I had another reason to worry about this book. Besides the familiar territory thing, I’m wary of novels about real people, especially writers. These seem to be having a moment, with the works of Paula McLain, Erika Roebuck and the like. I’m not dead set against them. But I worry, because the fictional representation of any real person’s life feels even more fraught when that person is a writer.

Eventually, though, I picked it up. And wound up loving it – especially the historical sections, which recount the infamous love affair of Emily Dickinson’s brother, Austin, with a young neighbor, Mabel Loomis Todd.

Their story is interspersed with a contemporary story, a young British screenwriter wants to write a movie about the love affair and is visiting Amherst for research. Oddly, the contemporary part felt less authentic to me though I appreciated it as the story of a young woman coming to grips with love and what it may mean in her life. But the entire book was propulsive, even if I kind of knew the broad outlines of the Todd-Dickinson affair and the role Mabel Todd played in getting Emily Dickinson’s poems out to the world. I’d like to read more of William Nicholson’s books – and since he’s a screenwriter, too, I’d really like to see him take a shot at the movie about that passionate, a little bit tragic, ultimately Victorian couple. With Emily lurking around upstairs in her white dress, of course.

Reading and enjoying Amherst gave me the courage to finally pick up another Emily Dickinson book  I’ve had around for awhile – Nobody’s Secret by Michaela MacColl. I don’t want to give this book a bad review, because I think it was well-done. But I am definitely not the right reader. It’s YA, for one thing, and though I do read some YA it’s almost all in the fantasy/dystopia area. More problematic is it’s in the genre corner I have a real problem with, which I usually refer to as Jane Austen Solves Crimes. Only in this case it’s Emily Dickinson. And she’s a teenager! Some of it just didn’t make sense to me, for how people in 19th century small town New England would behave. I wonder what I would have thought of this book as a younger reader. I might have liked it a lot – and it might have led me to get really into Emily Dickinson’s poetry.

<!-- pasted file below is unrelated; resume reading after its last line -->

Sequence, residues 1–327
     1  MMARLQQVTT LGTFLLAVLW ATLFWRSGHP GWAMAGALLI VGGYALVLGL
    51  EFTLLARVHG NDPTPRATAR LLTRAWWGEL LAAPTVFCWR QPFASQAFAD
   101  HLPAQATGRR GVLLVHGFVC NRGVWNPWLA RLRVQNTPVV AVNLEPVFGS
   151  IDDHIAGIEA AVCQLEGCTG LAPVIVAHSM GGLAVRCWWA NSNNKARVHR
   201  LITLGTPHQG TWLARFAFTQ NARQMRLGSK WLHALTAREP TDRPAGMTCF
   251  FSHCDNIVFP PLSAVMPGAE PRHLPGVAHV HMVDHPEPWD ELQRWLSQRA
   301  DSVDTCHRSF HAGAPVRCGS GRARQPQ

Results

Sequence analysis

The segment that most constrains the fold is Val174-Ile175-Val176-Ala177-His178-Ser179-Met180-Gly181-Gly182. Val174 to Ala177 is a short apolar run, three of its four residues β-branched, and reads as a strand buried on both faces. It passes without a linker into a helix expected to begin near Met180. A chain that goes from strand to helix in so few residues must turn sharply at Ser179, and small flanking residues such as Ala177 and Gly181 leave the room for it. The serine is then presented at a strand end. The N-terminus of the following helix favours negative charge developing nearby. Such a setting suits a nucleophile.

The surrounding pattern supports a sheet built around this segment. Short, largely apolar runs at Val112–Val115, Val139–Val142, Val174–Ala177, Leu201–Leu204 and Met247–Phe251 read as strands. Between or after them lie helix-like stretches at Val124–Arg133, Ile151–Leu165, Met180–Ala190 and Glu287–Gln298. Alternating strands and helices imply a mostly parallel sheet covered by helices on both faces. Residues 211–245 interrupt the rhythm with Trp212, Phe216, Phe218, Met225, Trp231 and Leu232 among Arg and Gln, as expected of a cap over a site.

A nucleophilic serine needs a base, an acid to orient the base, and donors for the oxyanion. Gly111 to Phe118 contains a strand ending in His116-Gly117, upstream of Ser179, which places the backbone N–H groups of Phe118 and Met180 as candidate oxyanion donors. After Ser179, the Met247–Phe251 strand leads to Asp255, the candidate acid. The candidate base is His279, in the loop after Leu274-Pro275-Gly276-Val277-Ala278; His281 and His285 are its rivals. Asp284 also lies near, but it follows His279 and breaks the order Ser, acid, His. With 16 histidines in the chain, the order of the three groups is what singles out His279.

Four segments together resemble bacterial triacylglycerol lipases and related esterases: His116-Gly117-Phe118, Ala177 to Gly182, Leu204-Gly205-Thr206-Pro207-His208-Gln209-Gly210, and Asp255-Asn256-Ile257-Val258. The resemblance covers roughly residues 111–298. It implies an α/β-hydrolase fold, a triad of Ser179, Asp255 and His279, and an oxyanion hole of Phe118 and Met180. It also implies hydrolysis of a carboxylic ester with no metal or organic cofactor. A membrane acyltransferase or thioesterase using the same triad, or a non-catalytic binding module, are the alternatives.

* Here I would like to offer some props — and thanks — to the good people at the Key West Library who are responsible for ordering new books. Twice recently I have come across books that I hadn’t previously heard of in the New Books section and in both cases, Amherst and The Fair Fight, they were books I really enjoyed. I appreciate a serendipitous discovery via browsing more than I can say in this age where everything is linked and recommended. So thank you, Key West Library staff! As a reader I appreciate your discernment and your commitment to bringing us books. So do many other readers, even if they don’t realize what you’re doing for them.


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Two for the road (or the couch, or the deck chair)

williams_charles_theboxingbaronessI hadn’t heard or read anything about The Fair Fight before I saw it on the new books shelf at the Key West Library. But I’m a sucker for historical fiction so I checked it out. And you know what? It was great. Really great. After a recent disappointment reading a book set in the same era, it was especially nice — and because the book is the first from this writer, Anna Freeman. Here’s hoping for many more. And here’s to my local library (and yours, I imagine), which not only keeps providing all kinds of services to people who really need them but also, because someone decided to order an interesting book, provided me with an excellent reading experience that I didn’t even know I was looking for.

The story is told from three different points of view, which has something of that Rashomon effect — the same events from different angles — and also provides a rich understanding of the time as it would be lived by a poor young woman, a wealthy young woman who has been orphaned and afflicted by smallpox, and a younger son who links his destiny to his feckless, alcoholic school friend (who also happens to be the brother of the wealthy young woman).

Ruth, the poor young woman, is making her way as a prizefighter. Apparently this did happen — women boxed. She is born into a brothel without many prospects but her fighting does bring her to the attention of a large and strong young man.

I don’t want to go too far into the plot … rather I recommend this book to anyone who read and enjoyed Blindspot, Jane Kamensky and Jill Krementz’s homage to 18th century romps. That has a very different setting and plot but is also told through the points of view of two characters. And it shares the appreciation of the era but with a contemporary enough sensibility to allow us to access it without feeling like we’re inhabiting a museum piece.